Robert Lee Lake was born March 29, 1856, in Louisville, Kentucky, to John Thomas Lake and Charlotte Waggoner Lake. He was child number seven of the couple’s eventual eight, his siblings including Fannie, William, John, Allen P., Florence, Anna, and Myra.
Little seems to be known about Robert’s life. He married Fannie Isadora Stevens Pyle after her first husband Joshua (Jack) Pyle died. The family story is that Robert was a cousin to Jack Pyle, who came to Indiana to help with the farmwork, and ended up marrying Fannie after his cousin’s death. This type of situation does not seem unreasonable as it was often the case that brothers married a young widow left in the family so the children had the entire family to help raise then, while keeping a father who was also part of the family.
Robert and Fannie were married September 29, 1886. Fannie already had three sons with her husband Jack, Bert Franklin Pyle, born September 6, 1876; D’Earle Pyle, born 1879; and Ben Harold Pyle, date of birth unknown.
The couple lived in Pt. Isabell at the time their daughter (my grandmother) Winona Myra Alice Lake was born, October 23, 1887, but the little family moved to Houghton, South Dakota, shortly thereafter. Robert hoped to make his fortune on the land boon in the west, obtaining a piece of property he planned to farm.
But, according to Winona, a “terrible storm wiped out Daddy’s crops,” and likely source of future income, so he abandoned the property and returned the family to Elwood. Their one bit of good luck while in Houghton was the birth of Florence Ethel Lake on May 26, 1890. (Ethel, who was a classmate and friend of one-time presidential candidate Wendell Wilkie, lived to be 102 years old, dying November 19, 1992.)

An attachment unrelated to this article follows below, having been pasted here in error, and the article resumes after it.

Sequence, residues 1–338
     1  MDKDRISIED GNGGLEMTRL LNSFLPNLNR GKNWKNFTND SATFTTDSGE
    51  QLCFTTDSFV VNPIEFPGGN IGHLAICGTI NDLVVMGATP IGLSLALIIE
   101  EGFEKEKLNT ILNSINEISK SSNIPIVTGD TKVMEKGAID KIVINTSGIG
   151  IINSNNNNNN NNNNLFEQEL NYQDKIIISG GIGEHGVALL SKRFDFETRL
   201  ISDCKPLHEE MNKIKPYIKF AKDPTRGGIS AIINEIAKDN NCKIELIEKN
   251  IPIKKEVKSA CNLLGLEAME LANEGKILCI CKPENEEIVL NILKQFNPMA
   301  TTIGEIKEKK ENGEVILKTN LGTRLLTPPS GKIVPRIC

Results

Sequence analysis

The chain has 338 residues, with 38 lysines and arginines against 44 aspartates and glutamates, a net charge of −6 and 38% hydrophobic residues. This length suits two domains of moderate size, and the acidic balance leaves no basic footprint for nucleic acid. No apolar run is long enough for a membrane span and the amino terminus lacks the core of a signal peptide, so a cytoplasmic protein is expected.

Robert died February 27, 1900, in Elwood, Indiana, and is buried in the Knox Chapel Cemetery one mile south and about one-half mile east of Point Isabel, in Grant County, Indiana. His grave is unmarked, but he is just to the south of Fannie Lake, his widow. Her first husband, Jack Pyle, is to the north of her and is marked by a big stone which she placed there.
When Robert died, Fannie could not afford a marker. When she died, her daughter, Winona, who buried her could not afford a marker, this being a depression era. In later years, her son Earl
placed a brass marker on her grave, but would not contribute to a marker for his stepfather's grave.
Although I possibly met Bert once before his death in 1969, I don’t remember much else about any of Grandma’s half-brothers. As a matter of fact, I really didn’t even know they were her half-brothers until I started doing genealogy research. Because I couldn’t remember Aunt Ethel, I had Uncle Eugene take me to see her at the nursing home in Kokomo not long before she died. Despite the fact the was declared to be both deaf and blind, wearing coke-bottle like lens to prove it. she recognized me right away and was able to carry on a conversations with the two of us during our visit, displaying no real signs of either malady.